John Lewis has partnered with Adam&Eve/ DDB in the production of these ads.

iPod x U2

Back in 2004 when Apple launched the iPod, it teamed up with internationally recognized rock band U2 to promote the product.

In what can almost now only be described as a music video, the ad opens on the immediately recognizable silhouette of Bono as he kicks off the song ‘Vertigo’. The thumping soundtrack playing alongside Apple’s now iconic rocking out silhouettes left a lasting impression on viewers, making the track now synonymous with the Apple brand.

The ad campaign was the brainchild of the Chiat/ Day agency.

Sony Bravia x Jose Gonzales

To celebrate the HD colors of its latest TV launch, Sony released this ad featuring unknown singer Jose Gonzalez’s cover of The Knife’s hit, ‘Heartbeats’.

The ad was launched in 2005 and sees thousands of brightly colored bouncy balls released down a hill in San Francisco. This imagery in conjunction with the stripped back nature of the cover has a mesmerizing effect on the viewer. This ad heralded an era of visually stunning advertising for Sony.

The creative was developed by Fallon London.

Cadbury's x Phil Collins

Previously voted the UK's favorite ad, this absurd spot featuring a gorilla, an empty rehearsal studio and a set of drums almost didn’t make it onto the screen. However, it went on to become the chocolate retailer’s most popular ad, launching a series of similar off-the-wall ads off the back of its success.

The ad features Phil Collins’ intense 1980 single ‘Air Tonight’ and sees a gorilla sitting at a set of drums, the music slowly building to the instantly recognizable drum solo. An unlikely pairing, the strange concept both hooked and puzzled viewers.

The creative was a collaboration between Cadbury's and Fallon London.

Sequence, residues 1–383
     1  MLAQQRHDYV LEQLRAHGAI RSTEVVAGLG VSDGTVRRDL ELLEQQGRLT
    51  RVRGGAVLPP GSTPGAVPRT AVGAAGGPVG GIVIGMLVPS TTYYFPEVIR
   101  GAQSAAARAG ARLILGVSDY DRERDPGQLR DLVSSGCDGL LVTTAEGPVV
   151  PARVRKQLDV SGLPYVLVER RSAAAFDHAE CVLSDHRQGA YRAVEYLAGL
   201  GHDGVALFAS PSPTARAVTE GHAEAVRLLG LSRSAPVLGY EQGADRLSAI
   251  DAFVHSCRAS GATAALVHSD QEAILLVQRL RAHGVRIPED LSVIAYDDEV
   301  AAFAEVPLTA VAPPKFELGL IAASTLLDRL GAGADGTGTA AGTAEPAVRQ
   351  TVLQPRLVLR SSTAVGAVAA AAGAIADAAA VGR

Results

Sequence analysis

Pepsi x Queen

The year is 2004, pop music is at its absolute peak and the three women riding high on this trend are Britney Spears, Beyonce, and Pink. So what better way for Pepsi to promote its drink than by getting all three to star in its latest Gladiator-style commercial?

The Pepsi brand has a long history of collaborating with pop stars in its commercials, but this one, in particular, was both heavy on the star power and the music. The ad features the three artists’ rendition of Queen’s ‘We Will Rock You’, dressed as gladiators and performed in the Colosseum before Emperor Enrique Iglesias. The crowd also features actual Queen members Brian May and Roger Taylor. Kendall Jenner, take note

M&S x Fleetwood Mac

From 2004 until 2010, British high street retailer M&S was famed for its ‘This is not just food…’ ad campaign. Featuring the sultry overtones of Northern Irish actress Dervla Kirwan and slow motion close-ups of indulgent food items, the ads were dubbed “food porn”.

Intrinsic to the ads was the use of the Fleetwood Mac track ‘Albatross’; the soothing yet seductive riff plays in the background, adding to the overall sensuality of the ad. It is difficult to now hear that track without immediately thinking of M&S. Earlier this year M&S chose to humorously revive this ad as part of an ongoing move to modernize its brand.

The ad campaign was developed by RKCR/Y&R.